White Carnation History
The White Carnation is an example of an outmoded factory, which was the backbone of its community, retained and converted for modern use. At one time there were cheese factories like it in almost every farming community. Today, few remain in operation and most have been torn down. The building was constructed in a very rugged fashion with three layers of brick walls and gable roof. It is said to have as many as three cement floors in places reaching almost 6 feet in depth.
The Holmesville Cheese and Butter Factory began operations in May 1895 with nearly 100 local farmers involved in its initiation as a joint stock factory (purchase price $25.00 for the property). Seven cheeses were made from 4,500 lbs. of milk taken in the first day. The first cheese maker was Edward Johnson and the last was Melville Elliott. The cheese manufactured here went as far away as Montreal and Great Britain.
The boiler was added 19 years later in 1914. The boiler doors from the cheese factory days have been retained and set in brickwork.
In 1917 the cheese factory was sold to the Imperial Cheese Company for $1,600.00. The building was then T-shaped with breathers on the roof. In 1920 McLaren Imperial Cheese Ltd. Ran the factory and in 1925 Kraft McLaren.
1925 saw the Holmesville Co-operative Cheese and Butter Company taking over. During the depression, the cheese factory provided a market for the farmers but it was not until the war years, 1944-45, that the market reached its peak. Under the directorship of Mel Elliott the factory produced 620 T per year, at that time the largest make per year in Canada.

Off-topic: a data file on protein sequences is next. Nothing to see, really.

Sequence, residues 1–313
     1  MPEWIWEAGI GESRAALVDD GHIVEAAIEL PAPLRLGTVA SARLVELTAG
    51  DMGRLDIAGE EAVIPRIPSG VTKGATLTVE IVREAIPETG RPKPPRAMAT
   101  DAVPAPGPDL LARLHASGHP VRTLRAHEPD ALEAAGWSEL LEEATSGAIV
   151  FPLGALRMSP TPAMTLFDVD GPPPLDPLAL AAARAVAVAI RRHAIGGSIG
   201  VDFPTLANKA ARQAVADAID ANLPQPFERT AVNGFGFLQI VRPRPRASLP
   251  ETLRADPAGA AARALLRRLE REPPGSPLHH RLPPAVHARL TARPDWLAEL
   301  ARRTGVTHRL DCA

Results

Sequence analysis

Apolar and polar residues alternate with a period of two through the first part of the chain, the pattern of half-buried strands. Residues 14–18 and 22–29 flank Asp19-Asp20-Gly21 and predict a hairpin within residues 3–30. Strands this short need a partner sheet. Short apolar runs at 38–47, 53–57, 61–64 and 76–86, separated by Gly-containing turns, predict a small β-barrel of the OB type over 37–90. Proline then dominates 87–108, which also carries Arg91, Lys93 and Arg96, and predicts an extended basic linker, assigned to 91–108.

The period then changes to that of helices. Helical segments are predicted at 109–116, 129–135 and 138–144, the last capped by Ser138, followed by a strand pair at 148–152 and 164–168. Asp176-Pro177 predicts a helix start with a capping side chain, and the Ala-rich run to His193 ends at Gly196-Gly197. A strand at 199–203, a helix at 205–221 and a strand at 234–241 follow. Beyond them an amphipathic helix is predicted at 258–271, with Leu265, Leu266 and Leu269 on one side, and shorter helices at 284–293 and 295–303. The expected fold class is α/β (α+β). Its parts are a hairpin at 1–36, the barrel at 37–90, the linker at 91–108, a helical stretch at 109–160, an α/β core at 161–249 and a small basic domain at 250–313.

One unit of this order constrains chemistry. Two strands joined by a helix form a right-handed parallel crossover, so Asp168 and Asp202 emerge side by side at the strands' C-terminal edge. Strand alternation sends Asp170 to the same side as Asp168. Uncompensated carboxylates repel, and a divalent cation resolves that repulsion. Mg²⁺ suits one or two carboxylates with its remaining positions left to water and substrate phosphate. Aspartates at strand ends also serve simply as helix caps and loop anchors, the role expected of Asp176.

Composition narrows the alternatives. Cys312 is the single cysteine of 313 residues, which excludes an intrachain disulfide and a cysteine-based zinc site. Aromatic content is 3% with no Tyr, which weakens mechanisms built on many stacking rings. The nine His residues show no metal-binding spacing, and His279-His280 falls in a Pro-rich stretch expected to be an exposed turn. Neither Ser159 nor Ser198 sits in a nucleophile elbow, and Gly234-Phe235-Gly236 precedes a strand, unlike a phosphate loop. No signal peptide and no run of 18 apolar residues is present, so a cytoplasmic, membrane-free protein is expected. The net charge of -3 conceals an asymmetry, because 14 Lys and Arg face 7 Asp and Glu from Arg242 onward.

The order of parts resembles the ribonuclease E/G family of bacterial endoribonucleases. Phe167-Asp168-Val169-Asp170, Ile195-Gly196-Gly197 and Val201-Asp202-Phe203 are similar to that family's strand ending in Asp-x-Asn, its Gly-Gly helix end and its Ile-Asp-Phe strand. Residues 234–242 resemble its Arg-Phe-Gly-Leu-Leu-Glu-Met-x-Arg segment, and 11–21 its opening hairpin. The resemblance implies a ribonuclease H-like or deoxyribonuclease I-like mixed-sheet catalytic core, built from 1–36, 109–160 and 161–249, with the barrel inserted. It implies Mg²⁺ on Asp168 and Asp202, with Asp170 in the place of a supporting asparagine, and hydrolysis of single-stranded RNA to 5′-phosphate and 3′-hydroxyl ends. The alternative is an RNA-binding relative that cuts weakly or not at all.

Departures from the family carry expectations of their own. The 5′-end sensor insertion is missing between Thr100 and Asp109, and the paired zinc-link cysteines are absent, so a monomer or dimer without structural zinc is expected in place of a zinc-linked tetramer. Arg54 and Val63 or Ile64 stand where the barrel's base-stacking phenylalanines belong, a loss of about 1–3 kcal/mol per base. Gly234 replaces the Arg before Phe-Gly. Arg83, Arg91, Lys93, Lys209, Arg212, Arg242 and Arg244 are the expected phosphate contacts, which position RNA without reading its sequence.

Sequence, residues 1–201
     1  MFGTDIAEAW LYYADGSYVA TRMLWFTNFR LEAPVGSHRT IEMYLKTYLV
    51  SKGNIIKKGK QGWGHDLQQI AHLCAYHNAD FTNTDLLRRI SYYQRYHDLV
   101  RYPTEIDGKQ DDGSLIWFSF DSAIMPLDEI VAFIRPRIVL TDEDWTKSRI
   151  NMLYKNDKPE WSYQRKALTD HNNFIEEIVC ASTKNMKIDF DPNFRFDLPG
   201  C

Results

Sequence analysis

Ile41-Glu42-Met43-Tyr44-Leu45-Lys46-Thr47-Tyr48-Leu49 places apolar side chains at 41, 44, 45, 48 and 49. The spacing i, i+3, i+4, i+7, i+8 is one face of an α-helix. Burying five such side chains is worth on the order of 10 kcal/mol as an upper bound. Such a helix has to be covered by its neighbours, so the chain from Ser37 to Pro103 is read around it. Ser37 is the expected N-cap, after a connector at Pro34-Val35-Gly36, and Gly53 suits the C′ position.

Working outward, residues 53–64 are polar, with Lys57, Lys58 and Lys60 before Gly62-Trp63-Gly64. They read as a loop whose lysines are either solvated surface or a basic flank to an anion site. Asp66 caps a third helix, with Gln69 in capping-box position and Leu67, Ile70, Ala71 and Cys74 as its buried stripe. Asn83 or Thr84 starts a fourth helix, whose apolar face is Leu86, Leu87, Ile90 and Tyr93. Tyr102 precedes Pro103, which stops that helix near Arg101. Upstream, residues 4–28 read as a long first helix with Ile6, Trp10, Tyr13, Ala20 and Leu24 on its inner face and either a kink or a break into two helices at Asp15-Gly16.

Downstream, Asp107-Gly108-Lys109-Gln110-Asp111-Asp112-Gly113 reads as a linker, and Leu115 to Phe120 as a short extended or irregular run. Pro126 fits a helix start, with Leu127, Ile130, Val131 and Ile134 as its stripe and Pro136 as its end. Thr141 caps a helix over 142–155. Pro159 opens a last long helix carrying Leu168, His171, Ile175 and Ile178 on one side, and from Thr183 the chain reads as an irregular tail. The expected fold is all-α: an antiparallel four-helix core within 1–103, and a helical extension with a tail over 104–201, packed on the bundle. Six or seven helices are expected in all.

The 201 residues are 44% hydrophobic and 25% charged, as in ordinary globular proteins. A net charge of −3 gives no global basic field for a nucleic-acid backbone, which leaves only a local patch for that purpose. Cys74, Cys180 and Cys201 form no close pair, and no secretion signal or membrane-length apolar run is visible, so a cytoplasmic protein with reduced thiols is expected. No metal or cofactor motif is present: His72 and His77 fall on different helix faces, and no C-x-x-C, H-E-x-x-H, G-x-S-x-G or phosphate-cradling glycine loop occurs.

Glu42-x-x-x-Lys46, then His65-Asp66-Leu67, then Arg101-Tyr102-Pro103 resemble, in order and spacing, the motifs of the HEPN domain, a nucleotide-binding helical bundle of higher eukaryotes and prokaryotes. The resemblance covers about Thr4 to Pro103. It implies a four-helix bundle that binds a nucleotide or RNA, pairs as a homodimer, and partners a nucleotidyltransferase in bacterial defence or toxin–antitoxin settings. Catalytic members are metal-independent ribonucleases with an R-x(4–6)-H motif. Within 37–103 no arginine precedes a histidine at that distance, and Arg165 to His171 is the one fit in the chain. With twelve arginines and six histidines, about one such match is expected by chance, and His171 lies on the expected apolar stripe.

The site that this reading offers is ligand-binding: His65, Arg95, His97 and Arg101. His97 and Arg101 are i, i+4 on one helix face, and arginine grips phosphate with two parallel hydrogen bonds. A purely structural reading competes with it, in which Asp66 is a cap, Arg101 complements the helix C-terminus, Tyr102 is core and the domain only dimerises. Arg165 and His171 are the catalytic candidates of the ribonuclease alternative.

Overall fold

In 1946 the cheese factory was sold to the Carnation Milk Company and the building was converted to the milk hold depot for the bulk factory in Aylmer where evaporated milk was processed. The Holmesville plant was closed in 1972 so that bulk milk could be delivered directly to Aylmer.
In 1972 the building was once again converted, this time as a private facility for catering by Bob Norman and Bruce Rathwell., and renamed the “White Carnation”
Although alternations have been made over the course of the years, there are very few buildings like this still in existence today.
Robert and Elias Disney, from Ireland, cleared Lots 36-39, Maitland. Elias, the great grandfather of the famed cartoonist Walt Disney, built the first gristmill and sawmill in this area before 1842. In 1947, the famous cartoon creator made a sentimental journey to Holmesville, Goderich, and Bluevale area in an attempt to trace his ancestral roots. According to the London Free Press Article (Feb. ’85), “about all he could find were the crumbling remains of the log cabin in Holmesville where his grandparents married in 1857.”